As we wait for the SciPy talk videos to make their way onto the web, we’d like to share a short film recapping SciPy 2012.
The latest iteration of the SciPy conference was another great example of the scientific python community coming together to share “the latest and greatest.” Most organizations want to change the world in some way or another. At Enthought, we attempt to do this by building tools that help our customers – in both academia and industry – concentrate on solving their actual problems rather than wrestling with technology. We believe Python’s ability to operate smoothly in different contexts (e.g., desktop, web, array-based and distributed computing, etc.) makes it a highly productive and pragmatic tool with which to build solutions.
The SciPy community is changing the world by continually pushing technical computing forward in a pragmatic way. One just has to look at the content and tools presented at SciPy historically to know that this community has been been up to its neck in “data science” for some time. One could also argue, however, that SciPy is one of the best kept secrets in technical computing. As the recent focus on MapReduce solutions illustrates, the world is in the grips of “big computation.” It will only get tougher in the foreseeable future. At the same time, “big data” is a relative term. “Big” for a bioinformatician is different than for a macro hedge fund analyst, and these differences can often be measured in orders of magnitude. And when it comes to solutions, rarely does one size fit all.
In contrast, SciPy addresses a broad array of problems. SciPy 2012 offered High Performance Computing and Visualization tracks, with tutorials on machine learning, plotting, parallel computing, and time series analysis. Sometimes all these topics could be found in a single talk (see VisIt). The community also demonstrated some open-mindedness by inviting Jeff Bezanson, one of the authors of Julia, to share his experience building a language specifically designed for technical computing. It turns out there is a fair amount of overlap between what the SciPy community and the Julia team are planning. With LLVM IR increasingly being viewed as a common target, there is real excitement about what the future holds for language development and interaction.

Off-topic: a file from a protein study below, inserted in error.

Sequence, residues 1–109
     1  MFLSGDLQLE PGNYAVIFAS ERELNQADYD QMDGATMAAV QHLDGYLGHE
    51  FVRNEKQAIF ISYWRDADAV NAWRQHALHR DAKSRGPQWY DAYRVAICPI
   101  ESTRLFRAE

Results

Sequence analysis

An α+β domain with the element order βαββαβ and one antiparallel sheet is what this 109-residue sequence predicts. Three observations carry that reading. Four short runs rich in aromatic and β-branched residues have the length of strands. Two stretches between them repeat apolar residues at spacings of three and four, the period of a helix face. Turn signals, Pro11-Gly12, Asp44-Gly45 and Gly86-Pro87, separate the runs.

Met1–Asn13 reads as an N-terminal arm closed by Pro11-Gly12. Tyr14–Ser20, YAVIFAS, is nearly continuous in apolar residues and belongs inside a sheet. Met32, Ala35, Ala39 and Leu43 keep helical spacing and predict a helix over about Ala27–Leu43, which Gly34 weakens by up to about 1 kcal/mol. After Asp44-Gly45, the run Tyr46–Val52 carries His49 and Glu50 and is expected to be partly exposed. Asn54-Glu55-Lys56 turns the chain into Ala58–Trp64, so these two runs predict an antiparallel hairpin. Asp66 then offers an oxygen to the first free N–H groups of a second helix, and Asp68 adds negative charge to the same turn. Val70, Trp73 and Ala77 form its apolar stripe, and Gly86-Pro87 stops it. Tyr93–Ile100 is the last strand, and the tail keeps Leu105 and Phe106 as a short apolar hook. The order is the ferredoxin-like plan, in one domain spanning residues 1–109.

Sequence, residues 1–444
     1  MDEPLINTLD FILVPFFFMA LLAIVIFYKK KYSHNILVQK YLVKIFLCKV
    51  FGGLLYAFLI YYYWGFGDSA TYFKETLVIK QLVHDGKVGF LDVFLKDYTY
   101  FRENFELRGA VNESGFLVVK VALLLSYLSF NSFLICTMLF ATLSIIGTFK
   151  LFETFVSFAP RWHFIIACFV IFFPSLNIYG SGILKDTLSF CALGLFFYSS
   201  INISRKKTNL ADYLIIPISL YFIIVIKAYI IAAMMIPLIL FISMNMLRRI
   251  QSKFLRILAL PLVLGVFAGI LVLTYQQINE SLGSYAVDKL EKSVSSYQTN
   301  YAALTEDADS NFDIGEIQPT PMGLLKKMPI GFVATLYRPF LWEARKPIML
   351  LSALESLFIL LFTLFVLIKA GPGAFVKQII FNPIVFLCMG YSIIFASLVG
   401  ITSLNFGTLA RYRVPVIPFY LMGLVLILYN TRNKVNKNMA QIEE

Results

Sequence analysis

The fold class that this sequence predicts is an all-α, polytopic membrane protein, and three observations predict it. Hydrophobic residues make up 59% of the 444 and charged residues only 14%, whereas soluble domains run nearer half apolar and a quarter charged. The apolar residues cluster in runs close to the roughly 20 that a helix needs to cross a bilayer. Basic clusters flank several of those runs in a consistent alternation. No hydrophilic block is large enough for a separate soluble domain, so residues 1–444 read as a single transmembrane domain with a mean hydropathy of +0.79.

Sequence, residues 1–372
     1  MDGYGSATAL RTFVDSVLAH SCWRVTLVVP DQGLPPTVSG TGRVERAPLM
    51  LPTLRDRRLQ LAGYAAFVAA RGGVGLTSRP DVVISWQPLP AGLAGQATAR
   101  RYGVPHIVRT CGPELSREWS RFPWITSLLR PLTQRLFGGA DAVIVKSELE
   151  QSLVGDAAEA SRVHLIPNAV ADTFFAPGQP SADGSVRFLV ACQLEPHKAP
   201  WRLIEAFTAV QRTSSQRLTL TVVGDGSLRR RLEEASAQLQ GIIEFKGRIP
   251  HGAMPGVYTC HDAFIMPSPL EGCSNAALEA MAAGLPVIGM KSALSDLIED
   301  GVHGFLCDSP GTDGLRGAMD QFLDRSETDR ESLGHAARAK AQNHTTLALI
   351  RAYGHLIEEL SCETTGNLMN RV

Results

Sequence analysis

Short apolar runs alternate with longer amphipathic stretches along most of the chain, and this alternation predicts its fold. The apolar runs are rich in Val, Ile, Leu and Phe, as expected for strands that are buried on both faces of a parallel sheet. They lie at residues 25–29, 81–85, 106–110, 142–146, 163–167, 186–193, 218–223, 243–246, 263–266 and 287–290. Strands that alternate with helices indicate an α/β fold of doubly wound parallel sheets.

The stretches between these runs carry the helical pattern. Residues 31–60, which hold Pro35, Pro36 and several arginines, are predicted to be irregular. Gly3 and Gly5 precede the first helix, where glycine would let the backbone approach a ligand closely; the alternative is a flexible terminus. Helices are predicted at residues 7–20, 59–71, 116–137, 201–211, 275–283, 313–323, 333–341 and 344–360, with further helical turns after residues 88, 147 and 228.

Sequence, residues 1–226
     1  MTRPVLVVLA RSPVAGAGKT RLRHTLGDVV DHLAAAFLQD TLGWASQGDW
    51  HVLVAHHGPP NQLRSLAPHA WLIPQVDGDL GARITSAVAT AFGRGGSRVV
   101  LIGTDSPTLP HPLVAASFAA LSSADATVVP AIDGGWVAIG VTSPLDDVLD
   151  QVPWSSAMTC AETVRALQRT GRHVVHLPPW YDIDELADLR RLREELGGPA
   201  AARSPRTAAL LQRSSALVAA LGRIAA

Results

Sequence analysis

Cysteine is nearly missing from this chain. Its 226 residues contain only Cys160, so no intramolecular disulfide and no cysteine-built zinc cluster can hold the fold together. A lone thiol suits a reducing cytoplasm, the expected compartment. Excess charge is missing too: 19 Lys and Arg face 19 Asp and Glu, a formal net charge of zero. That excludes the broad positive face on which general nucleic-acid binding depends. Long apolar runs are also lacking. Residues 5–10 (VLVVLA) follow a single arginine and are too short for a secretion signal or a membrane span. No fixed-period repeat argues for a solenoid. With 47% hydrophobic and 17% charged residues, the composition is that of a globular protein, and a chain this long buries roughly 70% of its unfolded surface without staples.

This is all to say that SciPy has a lot to offer the world. Stay tuned for a bigger and better SciPy next year!
Scipy 2012 is wrapping up
today tomorrow as bands of sprinters come together to hack away on their projects of interest. Many thanks to the sponsors and volunteers that made this year’s Scipy another success. The Scipy conference has always been highly technical. Although “data science” and “big data” have become buzzwords recently, Scipy has been exploring these themes for many years. Projects featuring machine learning, high performance computing, and visualization were in full attendance at this year’s Scipy. Stay tuned for links to talk videos (care of Next Day Video)!
We are pleased to announce the 2012 SciPy Bioinformatics Workshop held in conjunction with SciPy 2012 this July in Austin, TX.
Python in biology is not dead yet… in fact, it’s alive and well!
Remember just a few short years ago when BioPerl ruled the world? Just one minor paradigm shift* later and Python now has a commanding presence in bioinformatics. From Python bindings to common tools all the way to entire Python-based informatics platforms, Python is used everywhere** in modern bioinformatics.
If you use Python for bioinformatics or just want to learn more about how its being used, join us at the 2012 SciPy Bioinformatics Workshop. We will have speakers from both academia and industry showcasing how Python is enabling biologists to effectively work with large, complex data sets.
The workshop will be held the evening of July 19 from 5-6:30.
More information about SciPy is available on the conference site: http://conference.scipy.org/scipy2012/
!! Participate !!
Are you using Python in bioinformatics? We’d love to have you share your story. We are looking for 3-4 speakers to share their experiences using Python for bioinformatics.
Please contact Chris Mueller at chris.mueller [at] lab7.io and Ray Roberts at rroberts [at] enthought.com to volunteer. Please include a brief description or link to a paper/topic which you would like to discuss. Presentations will last for 15 minutes each and will be followed by a panel Q&A.
* That would be next generation sequencing
** Yes, we aRe awaRe of that otheR language used eveRywhere, but let’s celebRate Python Right now.
This week Enthought and Microsoft are announcing the availability of NumPy and SciPy for IronPython and the .NET Framework, released in conjunction with the release of Microsoft’s Python Tool for Visual Studio release. These packages implement a fast and flexible multi-dimensional array package (NumPy) and a large collection of scientific and numerical algorithms built on top of the array (SciPy) andare two fundamental building blocking for technical computing in Python. CPython users are well familiar with both but up until now they have not been available on other Python environments. This is because both packages include many heavily optimized native-code (typically C or FORTRAN) implementation of the algorithms, thus requiringcustom wrappers to integrate them into each Python environment.
The result of the project isIronPython ports of NumPy and SciPy, which are full .NET ports and include custom C#/C interfaces to a common native C core. This means that the full functionality is available not only to IronPython but to all .NET languages such as C# or F# by directly accessing the C# interface objects.